risk change tcb
This version really expanded my idea of what I could do within the confines of a sketchbook.
In 2011–12, I just did Abstract Expressionist-style sketches/drawings (which was actually a conceptual breakthrough for me). In 2012–13, I manipulated the paper itself, using it as a proxy for fabric.
For 2013–14 (the current edition), I did more abstract sketches and collage. I folded and cut pages, creating fractal dimensionality. I experimented with erasures, inspired by poet Mary Ruefle. I copied (my) poems onto pages. I improvised 3 poems on the page, all of which had visual aspects, so that they were … (hybrid) poem-collages (?), poem-sketches (?).
I’d known since early 2013 that I wanted to somehow make my poems … more-than-2-dimensional, which could maybe be called “sculptural”(?).
I keep forgetting that, for fractally-dimensional projects, I become inspired by working directly with available materials, not by imagining with my mind’s eyes — when my actual fingers get involved, they seed the imagination of my mind’s fingers.
In other words, trying to figure out ahead of time what I might end up creating is pointless. I need to jump right in, and start fiddling around.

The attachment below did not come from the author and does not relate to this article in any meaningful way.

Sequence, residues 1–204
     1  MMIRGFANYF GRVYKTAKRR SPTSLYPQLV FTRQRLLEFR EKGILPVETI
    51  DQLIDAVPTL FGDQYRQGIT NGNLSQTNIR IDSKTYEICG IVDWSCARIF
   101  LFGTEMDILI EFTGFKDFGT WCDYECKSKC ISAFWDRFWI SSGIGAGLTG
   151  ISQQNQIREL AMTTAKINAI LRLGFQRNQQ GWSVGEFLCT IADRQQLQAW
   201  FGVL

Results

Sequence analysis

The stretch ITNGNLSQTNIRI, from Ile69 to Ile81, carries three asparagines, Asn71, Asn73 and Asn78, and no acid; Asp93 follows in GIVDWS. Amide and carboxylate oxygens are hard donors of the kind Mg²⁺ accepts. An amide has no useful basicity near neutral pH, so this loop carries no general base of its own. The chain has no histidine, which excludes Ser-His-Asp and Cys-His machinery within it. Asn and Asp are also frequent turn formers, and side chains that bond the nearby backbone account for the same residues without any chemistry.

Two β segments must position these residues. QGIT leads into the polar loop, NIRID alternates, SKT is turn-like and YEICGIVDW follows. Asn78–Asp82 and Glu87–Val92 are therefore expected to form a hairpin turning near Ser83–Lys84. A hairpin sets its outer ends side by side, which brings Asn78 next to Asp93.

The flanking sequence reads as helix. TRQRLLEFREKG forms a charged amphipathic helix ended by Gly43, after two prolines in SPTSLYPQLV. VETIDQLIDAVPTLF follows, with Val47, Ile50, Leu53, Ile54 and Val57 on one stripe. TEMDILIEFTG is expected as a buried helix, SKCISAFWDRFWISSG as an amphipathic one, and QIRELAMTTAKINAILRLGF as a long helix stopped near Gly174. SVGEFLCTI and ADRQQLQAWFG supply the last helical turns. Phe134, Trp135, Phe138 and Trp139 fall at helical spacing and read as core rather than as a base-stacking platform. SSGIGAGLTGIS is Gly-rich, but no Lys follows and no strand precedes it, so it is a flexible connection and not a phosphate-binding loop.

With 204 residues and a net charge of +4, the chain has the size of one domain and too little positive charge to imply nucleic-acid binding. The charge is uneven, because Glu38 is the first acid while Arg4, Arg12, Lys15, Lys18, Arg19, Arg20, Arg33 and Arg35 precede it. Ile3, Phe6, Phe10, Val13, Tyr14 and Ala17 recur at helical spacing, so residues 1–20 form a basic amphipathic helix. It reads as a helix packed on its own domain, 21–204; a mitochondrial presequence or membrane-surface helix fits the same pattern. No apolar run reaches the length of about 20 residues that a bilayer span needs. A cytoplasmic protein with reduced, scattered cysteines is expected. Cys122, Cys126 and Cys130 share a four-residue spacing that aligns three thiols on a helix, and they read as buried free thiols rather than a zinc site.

The 2014 Sketchbook Project got me started combining dimensionality with poems, but I was surprised by visual elements incorporated into poems. One poem, in fact, is all visual — there is (meaningful) text, but some of the words are in hand-drawn typography (not just handwriting), they follow curves, and there is an actual sketch connected … somehow.
That poem is clearly about something much more complicated than just the apparent subject matter. And I really love how it turned out, even though I don’t understand why it took the form it did.
This edition of a Sketchbook Project contains the first tangible and lasting examples of my conceptual art that other people might see. I’ve previously done preliminary sketches (a lot less complicated than any of these!) that only Spouse may have seen. I’ve also done paper-sculpture-y things that Spouse used as props in photo sessions, but most were not designed for permanence.
Having this dialogue with myself, and then sending it out into the world, was satisfying in a creating-art way. More than that, though, it made me realize how essential-to-my-life-satisfaction actually following these impulses — no matter how outlandish they seem — is. Now that there is an actual dialogue with my conscious mind and my unconscious bodymind, plus other aspects of my selves that I can’t (necessarily) define, I need to keep this momentum going.
The other years, I was content to let this sort of energy dissipate in between formal-projects-with-sketchbooks. Today/right now, I need to do things differently.